Switch Statements

Using a Number to Make Decisions


Lessons You Should Know

Switch statements work like large sets of if statements using the equals logic operator. They are useful if you need to do a lot of comparisons based on one variable. Here’s what we’ll be covering in this lesson:


What a Switch Statement Looks Like

Switch statements use integers kind of like a condition, or the question they are asking. Only now it’s called a parameter. The switch statement asks for the number and compares it to a bunch of “case” statements. When the robot finds the case statement that has the same value as the parameter it runs the code inside that case statement. The switch statement will keep running code until it gets to a break; command. So make sure you put in break commands, otherwise the switch statement will move on to the next case in the code! Also, remember that in more complicated code you can even nest switch statements inside of other switch statements (or if statements, while loops or for loops) kind of like we talked about with nested if statements. Here is the generic form of a switch statement: You can think of switch statements like a robot that works in a restaurant as a cook. The little robot brain can only concentrate on cooking one thing at a time so it gets the orders one meal (one number) at a time. When the robot gets an order it sees a number on a piece of paper. Then it looks through the recipe book and looks for the number on the piece of paper. When it finds a recipe number (a case) that matches the number on the paper it follows the directions in that recipe. The directions on how to cook the recipe are like the statements inside the case statement. SwitchCookingRobo Sure, the recipes are all different. Sometimes there are special instructions that check outside variables- is the hamburger rare or well done? Should the milkshake be extra thick or maybe have chocolate syrup? But that’s just like the code inside of real case statements, they’ll all be at least a little different.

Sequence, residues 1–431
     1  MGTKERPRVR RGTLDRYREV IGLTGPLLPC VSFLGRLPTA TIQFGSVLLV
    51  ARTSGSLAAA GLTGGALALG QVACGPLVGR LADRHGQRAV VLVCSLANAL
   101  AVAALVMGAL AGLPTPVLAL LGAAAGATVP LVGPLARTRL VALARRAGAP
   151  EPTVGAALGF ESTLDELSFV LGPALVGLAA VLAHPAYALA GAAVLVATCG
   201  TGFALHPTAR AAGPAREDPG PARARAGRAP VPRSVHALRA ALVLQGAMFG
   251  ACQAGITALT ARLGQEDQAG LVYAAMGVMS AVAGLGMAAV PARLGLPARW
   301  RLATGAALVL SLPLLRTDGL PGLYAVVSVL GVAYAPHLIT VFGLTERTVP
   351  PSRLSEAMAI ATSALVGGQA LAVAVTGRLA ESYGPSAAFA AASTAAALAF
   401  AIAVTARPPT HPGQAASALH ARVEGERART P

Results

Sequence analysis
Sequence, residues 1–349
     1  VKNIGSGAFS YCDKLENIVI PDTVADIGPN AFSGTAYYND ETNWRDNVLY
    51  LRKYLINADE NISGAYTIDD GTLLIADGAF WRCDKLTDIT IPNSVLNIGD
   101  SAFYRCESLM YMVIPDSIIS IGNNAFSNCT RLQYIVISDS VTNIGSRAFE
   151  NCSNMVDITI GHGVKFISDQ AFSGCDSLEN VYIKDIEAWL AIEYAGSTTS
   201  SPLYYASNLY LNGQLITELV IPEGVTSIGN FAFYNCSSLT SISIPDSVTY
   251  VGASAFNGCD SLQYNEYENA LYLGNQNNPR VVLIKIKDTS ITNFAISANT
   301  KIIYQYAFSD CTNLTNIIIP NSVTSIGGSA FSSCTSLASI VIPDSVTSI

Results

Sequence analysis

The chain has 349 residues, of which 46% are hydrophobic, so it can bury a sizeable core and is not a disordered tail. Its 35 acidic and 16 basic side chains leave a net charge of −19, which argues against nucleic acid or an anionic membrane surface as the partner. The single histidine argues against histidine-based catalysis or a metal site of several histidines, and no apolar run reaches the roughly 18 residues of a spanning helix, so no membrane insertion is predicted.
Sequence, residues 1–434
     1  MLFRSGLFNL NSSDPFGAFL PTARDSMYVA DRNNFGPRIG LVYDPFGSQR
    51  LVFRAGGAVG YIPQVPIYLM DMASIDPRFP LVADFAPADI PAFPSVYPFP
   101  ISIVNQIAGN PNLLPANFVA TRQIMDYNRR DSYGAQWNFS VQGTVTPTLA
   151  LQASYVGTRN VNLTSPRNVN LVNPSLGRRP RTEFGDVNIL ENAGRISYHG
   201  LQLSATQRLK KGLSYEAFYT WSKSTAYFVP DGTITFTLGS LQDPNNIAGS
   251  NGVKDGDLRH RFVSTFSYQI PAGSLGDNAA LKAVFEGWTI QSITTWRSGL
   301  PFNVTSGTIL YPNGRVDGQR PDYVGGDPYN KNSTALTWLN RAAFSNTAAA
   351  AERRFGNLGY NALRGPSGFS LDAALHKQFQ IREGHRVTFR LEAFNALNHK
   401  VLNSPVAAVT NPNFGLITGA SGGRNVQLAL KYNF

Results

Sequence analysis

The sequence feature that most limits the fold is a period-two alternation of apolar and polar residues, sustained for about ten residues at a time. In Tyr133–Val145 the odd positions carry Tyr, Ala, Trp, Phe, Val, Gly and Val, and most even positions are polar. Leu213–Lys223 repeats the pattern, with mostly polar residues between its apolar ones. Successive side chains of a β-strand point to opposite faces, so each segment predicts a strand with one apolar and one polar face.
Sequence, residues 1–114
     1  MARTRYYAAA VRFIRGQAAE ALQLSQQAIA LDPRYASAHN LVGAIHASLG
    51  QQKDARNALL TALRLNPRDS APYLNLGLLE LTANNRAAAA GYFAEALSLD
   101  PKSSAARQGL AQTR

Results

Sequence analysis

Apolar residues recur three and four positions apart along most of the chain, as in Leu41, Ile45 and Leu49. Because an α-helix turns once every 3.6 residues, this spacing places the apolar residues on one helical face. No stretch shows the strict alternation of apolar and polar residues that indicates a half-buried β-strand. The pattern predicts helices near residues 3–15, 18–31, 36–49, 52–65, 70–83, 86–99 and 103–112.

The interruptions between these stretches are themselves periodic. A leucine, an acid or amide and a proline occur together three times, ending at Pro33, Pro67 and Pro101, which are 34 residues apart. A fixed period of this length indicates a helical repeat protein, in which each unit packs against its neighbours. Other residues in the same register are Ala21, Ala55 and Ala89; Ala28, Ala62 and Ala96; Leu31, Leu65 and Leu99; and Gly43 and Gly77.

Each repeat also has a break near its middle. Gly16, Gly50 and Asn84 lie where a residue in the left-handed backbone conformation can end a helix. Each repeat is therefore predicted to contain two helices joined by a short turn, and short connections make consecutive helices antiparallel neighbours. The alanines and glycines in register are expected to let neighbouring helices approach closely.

Break Commands

Break commands tell the robot that it can stop executing code inside of the switch statement. When the robot gets to a break; command it will automatically hop to the very end of the switch statement. If you don’t have a break command the robot will just keep executing whatever code comes next, even if it’s in a different case statement! You can think of the break command like telling the robot that after it finishes making the meal it can stop cooking. Otherwise the robot will just go to the next meal on the list (even though no one order it!) and cook that one too!  

Default Statements

You always need a default statement in your switch statements. It’s a way to say to the robot- didn’t see anything that matched the parameter? Well, do the following code instead then.


You can think of the default statement as a set of instructions that tell the robot- if what the person ordered isn’t on the menu, just go ahead and make nachos. Everybody likes nachos.  

Try it with Sparki

A good example of code that uses switches is the remote control receiver. The remote control gives it a code, which Sparki can then use to make decisions.  This code uses the bottom 3 buttons of the remote to change the RGB LED color.


Recap of What We’ve Covered So Far


Next Step:

Now that you understand switch statements we’ll move on to the incredibly important for loop.

Next Lesson – For Loop